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Good Decision Making/Lifestyle Choices

A Picture is Worth a Thousand Words

How many of you remember when the Chesapeake Bay Bridge was shut down after an accident on the bridge? There was a young girl who apparently crossed the center line of two-way traffic, causing a large truck to veer in avoidance, thus going over the bridge into the water, killing the driver. In a statement, she said she fell asleep at the wheel of the car when coming home from her mother's wedding in Baltimore. At that point, the State's Attorney's office had not decided whether to press charges -- however, the focus then shifted when her MySpace page indicated her drinking habits, including a picture of herself holding a bottle of rum to her mouth as she sat behind the wheel of her car. What may have been seemingly harmless now took a different focus for her future.

Understanding that the world now offers information in a very public way means that bad decisions can be compounded by future actions that become connected in unexpected ways. Alcohol has now become a reason to consider charges against her that may not have come about under circumstances surrounding the accident. Was drinking a way to fit in or for her to feel good about herself? Was it worth what this has brought to her life? Should she have made different decisions? Even if she doesn't want a security clearance, think of how her decisions will negatively impact her life forever.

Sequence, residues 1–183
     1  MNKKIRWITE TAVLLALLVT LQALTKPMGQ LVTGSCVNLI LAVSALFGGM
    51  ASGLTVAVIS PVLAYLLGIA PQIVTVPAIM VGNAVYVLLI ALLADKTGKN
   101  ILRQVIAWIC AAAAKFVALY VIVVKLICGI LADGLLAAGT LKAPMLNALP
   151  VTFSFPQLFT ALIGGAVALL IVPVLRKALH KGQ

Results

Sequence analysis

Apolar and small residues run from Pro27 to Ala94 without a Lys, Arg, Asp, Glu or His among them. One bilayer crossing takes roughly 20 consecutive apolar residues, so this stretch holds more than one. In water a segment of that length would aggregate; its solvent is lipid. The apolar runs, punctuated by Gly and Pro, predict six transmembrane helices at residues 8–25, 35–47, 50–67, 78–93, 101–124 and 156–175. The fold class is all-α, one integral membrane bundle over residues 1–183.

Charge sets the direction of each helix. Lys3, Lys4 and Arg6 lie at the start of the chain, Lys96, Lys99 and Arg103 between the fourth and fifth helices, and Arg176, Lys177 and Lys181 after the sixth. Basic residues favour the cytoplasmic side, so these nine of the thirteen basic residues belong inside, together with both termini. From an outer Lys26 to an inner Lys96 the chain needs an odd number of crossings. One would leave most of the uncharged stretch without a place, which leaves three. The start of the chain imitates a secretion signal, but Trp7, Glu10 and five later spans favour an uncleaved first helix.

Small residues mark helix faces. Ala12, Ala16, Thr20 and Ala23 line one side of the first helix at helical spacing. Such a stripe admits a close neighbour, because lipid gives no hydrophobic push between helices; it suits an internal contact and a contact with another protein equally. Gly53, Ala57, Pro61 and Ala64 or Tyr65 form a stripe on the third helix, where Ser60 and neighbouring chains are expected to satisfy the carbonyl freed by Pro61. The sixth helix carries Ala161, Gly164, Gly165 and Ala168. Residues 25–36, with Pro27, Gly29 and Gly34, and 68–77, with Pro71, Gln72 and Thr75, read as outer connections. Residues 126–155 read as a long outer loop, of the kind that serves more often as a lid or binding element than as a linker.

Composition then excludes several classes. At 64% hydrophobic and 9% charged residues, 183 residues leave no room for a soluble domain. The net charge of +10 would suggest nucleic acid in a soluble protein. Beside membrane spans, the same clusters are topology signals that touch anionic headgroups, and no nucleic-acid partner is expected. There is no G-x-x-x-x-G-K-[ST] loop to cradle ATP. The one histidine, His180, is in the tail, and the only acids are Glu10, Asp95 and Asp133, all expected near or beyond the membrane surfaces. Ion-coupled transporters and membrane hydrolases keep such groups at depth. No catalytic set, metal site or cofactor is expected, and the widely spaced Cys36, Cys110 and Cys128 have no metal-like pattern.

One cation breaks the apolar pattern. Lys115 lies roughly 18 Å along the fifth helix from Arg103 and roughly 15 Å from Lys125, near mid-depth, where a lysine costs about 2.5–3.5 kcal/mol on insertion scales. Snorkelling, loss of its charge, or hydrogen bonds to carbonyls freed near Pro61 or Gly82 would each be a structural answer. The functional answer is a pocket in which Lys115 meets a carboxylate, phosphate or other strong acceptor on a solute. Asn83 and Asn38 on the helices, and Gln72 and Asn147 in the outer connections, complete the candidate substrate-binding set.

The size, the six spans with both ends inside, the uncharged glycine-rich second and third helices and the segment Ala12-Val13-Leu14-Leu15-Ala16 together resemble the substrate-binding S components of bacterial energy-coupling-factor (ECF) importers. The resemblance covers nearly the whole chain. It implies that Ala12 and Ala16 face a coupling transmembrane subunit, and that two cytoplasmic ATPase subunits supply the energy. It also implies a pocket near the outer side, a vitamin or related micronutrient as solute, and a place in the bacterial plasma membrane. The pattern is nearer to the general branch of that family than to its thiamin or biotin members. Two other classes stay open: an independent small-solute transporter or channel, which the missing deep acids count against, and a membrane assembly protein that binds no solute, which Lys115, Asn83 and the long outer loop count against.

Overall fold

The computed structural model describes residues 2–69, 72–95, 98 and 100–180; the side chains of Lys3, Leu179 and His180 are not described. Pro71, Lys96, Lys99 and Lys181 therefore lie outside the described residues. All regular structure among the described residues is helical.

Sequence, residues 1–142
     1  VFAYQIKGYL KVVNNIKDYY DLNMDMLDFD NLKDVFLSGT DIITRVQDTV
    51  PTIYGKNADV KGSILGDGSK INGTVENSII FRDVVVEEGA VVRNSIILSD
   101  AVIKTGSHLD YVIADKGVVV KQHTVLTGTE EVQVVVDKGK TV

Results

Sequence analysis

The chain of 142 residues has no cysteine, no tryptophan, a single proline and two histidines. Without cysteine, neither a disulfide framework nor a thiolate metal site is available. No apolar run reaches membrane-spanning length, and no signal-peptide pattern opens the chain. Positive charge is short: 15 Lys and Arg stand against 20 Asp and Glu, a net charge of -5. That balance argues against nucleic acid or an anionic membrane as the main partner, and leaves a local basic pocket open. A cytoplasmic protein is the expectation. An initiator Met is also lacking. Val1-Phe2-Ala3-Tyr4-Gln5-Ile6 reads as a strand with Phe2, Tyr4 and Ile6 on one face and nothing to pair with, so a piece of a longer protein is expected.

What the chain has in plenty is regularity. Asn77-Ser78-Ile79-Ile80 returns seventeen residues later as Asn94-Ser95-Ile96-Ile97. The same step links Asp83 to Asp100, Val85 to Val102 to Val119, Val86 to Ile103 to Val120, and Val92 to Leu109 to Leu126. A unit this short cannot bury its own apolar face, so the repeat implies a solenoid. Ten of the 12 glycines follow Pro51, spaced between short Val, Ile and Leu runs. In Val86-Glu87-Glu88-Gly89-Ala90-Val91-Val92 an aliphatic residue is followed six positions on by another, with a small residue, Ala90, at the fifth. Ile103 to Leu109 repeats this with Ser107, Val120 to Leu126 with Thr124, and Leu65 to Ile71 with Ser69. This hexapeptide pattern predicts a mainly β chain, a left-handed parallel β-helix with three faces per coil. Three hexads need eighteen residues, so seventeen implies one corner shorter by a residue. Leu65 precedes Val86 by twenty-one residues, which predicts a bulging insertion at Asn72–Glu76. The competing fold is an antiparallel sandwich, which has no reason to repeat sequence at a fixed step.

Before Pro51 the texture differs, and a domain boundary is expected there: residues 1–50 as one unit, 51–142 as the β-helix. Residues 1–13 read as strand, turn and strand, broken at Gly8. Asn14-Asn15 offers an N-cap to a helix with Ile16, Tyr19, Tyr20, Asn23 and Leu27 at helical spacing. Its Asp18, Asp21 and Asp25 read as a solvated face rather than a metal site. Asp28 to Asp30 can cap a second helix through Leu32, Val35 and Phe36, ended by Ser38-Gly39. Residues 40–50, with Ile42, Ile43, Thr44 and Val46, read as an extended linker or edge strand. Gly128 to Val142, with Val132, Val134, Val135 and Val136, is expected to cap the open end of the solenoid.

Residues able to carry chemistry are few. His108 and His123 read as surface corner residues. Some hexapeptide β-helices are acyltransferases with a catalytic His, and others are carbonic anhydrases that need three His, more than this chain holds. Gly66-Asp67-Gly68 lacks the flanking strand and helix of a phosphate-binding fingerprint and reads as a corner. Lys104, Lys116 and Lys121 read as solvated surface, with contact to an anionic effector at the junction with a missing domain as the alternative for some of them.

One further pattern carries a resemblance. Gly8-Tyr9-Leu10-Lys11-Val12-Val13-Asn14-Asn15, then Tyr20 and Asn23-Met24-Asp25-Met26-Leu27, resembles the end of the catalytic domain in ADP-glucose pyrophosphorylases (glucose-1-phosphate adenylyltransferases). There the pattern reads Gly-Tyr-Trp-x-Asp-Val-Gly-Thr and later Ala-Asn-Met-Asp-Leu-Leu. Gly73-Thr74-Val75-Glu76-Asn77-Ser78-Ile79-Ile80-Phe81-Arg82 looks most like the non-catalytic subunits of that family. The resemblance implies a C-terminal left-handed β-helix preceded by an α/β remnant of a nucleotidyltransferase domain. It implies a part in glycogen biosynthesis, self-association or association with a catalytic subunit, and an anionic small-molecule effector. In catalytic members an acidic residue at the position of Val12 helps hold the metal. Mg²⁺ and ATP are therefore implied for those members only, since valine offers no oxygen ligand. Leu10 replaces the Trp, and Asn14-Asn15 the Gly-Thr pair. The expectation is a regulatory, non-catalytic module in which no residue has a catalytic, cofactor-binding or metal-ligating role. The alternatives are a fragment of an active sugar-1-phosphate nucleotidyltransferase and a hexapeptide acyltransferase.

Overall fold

The Wrong Place at the Wrong Time

Have your parents ever said to you that hanging with the wrong crowd can get you into trouble and you simply shrugged it off by saying, "they're just my parents what do they know and besides, that could never happen to me." Well, on a Washington Post discussion board about Careers, one college student from the Washington, DC area talks about her inability to find a good paying job as a result of her felony conviction for drugs that were hidden in her car by her boyfriend unbeknownst to her. She fears that she will never be able to make enough money to support herself because most employers, including places like Walmart, require a background check. She goes on to say that if a background check is needed for a job she doesn't bother applying. In the end, the moderator sums it up well by saying... "Your story is one that many young people should take heed to and understand how being at the wrong place, at the wrong time and with the wrong people can have some very negative consequences on you and your life."

I bet she wishes she had listened to her parents when they said "he looks like trouble." This is a perfect example about how lifestyle choices made today can affect the rest of your life. Although this appears to have been an isolated event, it is clearly affecting her ability to gain the kind of employment she desires. Having a felony conviction could potentially disqualify you from getting a job that requires a security clearance, which usually results in higher earning potential, but could also make it difficult to obtain any type of job. You must ask yourself these questions; do I surround myself with positive people who do the right thing or do I surround myself with people who don't make wise choices, are not looking out for my best interest and could potentially bring me down?

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